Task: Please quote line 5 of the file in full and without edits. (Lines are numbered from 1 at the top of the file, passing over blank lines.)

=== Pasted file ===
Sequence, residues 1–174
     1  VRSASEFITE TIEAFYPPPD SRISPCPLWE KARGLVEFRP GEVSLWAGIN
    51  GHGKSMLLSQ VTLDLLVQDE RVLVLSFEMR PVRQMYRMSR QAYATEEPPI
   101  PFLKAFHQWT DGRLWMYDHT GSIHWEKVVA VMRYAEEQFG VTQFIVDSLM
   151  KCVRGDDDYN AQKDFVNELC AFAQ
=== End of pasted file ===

   151  KCVRGDDDYN AQKDFVNELC AFAQ